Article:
adding conditionals and loops and includes until you've created your
  very own unmaintainable monster.
  Luckily for you, you are not the first to think it might be nice to get
  the HTML out of your code.  Many have come before, and more than a few
  have put their contributions up on CPAN.  At this time, there are so
  many templating modules on CPAN that it's almost certain you can find
  one that meets your needs.  This document aims to be your guide to
  those modules, leading you down the path to the templating system of
  your dreams.
  And, if you just went straight to CPAN in the first place and never
  bothered to write your own, congratulations: you're one step ahead of
  the rest of us.
  =head2 On A Personal Note
  Nothing can start an argument faster on the mod_perl mailing list than
  a claim that one approach to templating is better than another.
  People get very attached to the tools they've chosen.  Therefore, let
  me say up front that I am biased.  I've been at this for a while and I
  have opinions about what works best.  I've tried to present a balanced
  appraisal of the features of various systems in this document, but it
  probably won't take you long to figure out what I like.  Besides,
  attempts to be completely unbiased lead to useless documents that
  don't contain any real information.  So take it all with a pound of
  salt and if you think I've been unfair to a particular tool through a
  factual error or omission, let me know.
  =head1 Why Use Templates?
  Why bother using templates at all?  Print statements and were
  good enough for Grandpa, so why should you bother learning a new way
  to do things?
  =head2 Consistency of Appearance
  It doesn't take a genius to see that making one navigation bar
  template and using it in all of your pages is easier to manage than
  hard-coding it every where.  If you build your whole site like this,
  it's much easier to make site-wide changes in the look and feel.
  =head2 Reusability
  Along the same lines, building a set of commonly used components makes
  it easier to create new pages.
  =head2 Better Isolation from Changes
  Which one changes more often, the logic of your application or the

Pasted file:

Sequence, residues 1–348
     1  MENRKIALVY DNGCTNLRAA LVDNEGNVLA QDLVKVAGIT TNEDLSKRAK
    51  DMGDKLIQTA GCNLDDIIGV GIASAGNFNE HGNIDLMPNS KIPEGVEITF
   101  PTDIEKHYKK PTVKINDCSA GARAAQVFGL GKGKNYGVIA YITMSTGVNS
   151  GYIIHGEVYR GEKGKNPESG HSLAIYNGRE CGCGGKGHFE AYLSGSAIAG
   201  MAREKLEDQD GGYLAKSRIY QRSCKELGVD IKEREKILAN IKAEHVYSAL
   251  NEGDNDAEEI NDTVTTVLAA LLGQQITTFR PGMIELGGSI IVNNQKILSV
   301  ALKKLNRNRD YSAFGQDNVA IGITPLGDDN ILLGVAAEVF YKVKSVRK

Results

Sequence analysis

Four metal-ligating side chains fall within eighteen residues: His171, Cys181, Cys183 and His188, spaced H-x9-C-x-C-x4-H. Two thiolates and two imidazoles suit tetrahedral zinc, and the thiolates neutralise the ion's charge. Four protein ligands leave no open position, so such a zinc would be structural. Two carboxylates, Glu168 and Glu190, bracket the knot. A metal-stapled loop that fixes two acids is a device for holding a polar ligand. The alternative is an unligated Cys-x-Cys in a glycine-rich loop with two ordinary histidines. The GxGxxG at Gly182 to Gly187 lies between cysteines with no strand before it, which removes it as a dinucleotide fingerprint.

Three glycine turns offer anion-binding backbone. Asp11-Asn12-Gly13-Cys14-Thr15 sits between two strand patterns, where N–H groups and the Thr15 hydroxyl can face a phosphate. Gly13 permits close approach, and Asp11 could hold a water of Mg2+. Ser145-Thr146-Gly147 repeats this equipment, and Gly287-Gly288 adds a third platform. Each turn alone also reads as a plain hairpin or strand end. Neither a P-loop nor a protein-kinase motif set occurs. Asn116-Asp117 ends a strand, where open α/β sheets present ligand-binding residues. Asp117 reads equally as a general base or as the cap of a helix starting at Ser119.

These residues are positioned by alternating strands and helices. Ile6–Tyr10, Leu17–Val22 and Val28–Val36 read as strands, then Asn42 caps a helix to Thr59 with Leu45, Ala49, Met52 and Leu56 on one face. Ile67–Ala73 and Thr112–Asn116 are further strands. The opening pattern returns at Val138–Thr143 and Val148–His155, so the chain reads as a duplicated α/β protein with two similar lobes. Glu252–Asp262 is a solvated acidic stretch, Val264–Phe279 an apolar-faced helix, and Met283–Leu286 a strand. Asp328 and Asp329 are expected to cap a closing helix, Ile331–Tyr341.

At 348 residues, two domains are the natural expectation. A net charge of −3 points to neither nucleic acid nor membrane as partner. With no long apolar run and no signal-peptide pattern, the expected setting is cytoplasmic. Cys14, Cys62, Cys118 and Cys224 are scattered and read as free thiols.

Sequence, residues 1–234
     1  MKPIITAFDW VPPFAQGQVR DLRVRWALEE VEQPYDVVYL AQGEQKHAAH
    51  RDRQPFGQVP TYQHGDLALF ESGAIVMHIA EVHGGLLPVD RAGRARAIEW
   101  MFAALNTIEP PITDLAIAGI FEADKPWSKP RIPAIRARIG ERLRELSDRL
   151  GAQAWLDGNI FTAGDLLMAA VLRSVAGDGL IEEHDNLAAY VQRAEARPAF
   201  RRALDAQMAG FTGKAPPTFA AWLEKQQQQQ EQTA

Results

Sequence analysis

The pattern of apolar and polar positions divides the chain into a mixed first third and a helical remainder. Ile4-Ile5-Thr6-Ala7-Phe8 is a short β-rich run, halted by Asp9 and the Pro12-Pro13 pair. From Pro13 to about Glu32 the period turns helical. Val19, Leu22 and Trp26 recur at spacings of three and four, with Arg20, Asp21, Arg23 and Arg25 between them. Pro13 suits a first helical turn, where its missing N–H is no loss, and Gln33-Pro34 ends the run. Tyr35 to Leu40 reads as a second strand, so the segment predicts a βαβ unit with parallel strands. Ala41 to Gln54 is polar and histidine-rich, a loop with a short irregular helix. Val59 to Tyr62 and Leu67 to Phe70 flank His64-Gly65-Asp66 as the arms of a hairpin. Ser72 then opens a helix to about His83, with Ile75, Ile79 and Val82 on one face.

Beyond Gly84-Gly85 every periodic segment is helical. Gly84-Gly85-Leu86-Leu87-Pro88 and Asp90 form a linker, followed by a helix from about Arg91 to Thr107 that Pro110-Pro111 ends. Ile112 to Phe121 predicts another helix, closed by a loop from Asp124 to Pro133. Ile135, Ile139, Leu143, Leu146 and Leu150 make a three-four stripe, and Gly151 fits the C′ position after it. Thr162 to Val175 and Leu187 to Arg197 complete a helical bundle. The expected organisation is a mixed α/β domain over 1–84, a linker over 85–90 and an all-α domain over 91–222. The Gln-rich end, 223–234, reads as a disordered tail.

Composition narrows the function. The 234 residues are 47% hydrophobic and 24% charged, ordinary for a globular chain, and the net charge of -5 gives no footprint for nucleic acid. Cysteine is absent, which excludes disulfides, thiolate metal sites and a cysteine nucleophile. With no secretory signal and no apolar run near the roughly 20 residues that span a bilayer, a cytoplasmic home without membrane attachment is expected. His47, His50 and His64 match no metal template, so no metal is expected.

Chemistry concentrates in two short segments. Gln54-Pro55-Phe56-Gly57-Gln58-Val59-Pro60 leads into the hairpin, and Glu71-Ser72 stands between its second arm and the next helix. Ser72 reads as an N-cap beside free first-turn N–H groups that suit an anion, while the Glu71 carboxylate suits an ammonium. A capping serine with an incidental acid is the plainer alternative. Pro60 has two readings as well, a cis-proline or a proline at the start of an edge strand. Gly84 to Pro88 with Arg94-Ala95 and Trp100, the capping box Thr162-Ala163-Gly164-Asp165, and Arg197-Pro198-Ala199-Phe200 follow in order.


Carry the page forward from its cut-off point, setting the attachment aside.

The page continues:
HTML used to display it?  It actually doesn't matter which you
  answered, as long as it's one of them.  Templates can be a great
  abstraction layer between the application logic and the display logic,
  allowing one to be updated without touching the other.
  =head2 Division of Labor
  Separating your Perl code from your HTML means that when your
  marketing department decides everything should be green instead of
  blue, you don't have to lift a finger.  Just send them to the HTML
  coder down the hall.  It's a beautiful thing, getting out of the HTML
  Even if the same people in your organization write the Perl code and
  the HTML, you at last have the opportunity for more people to be
  working on the project in parallel.
  =head1 What Are the Differences?
  Before we look at the available options, let's go through an
  explanation of some of the things that make them different.
  =head2 Execution Models
  Although some try to be flexible about it, most templating systems
  expect you to use some variation of the two basic execution models,
  which I will refer to as "pipeline" and "callback."  In the callback
  style, you let the template take over and it has the application's
  control flow coded into it.  It uses callbacks to modules or snippets
  of in-line Perl code to retrieve data for display or perform actions
  like user authentication.  Some popular examples of systems using this
  model include Mason, Embperl, and Apache::ASP.
  The pipeline style does all the work up front in a standard CGI or
  mod_perl handler, then decides which template to run and passes some
  data to it.  The template has no control flow logic in it, just
  presentation logic, e.g. show this graphic if this item is on sale.
  Popular systems supporting this approach include HTML::Template and
  Template Toolkit.
  The callback model works very well for publishing-oriented sites where
  the pages are essentially mix and match sets of articles and lists.
  Ideally, a site can be broken down into visual "components" or pieces
  of pages which are general enough for an HTML coder to re-combine them
  into entirely new kinds of pages without any help from a programmer.
  The callback model can get a bit hairy when you have to code logic
  that can result in totally different content being returned.  For
  example, if you have a system that processes some form input and takes
  the user to different pages depending on the data submitted.  In these
  situations, it's easy to end up coding a spaghetti of includes and
  redirects, or putting what are really multiple pages in the same file.
  On the other hand, a callback approach can result in fewer files (if
  the Perl code is in the HTML file), and feels easier and more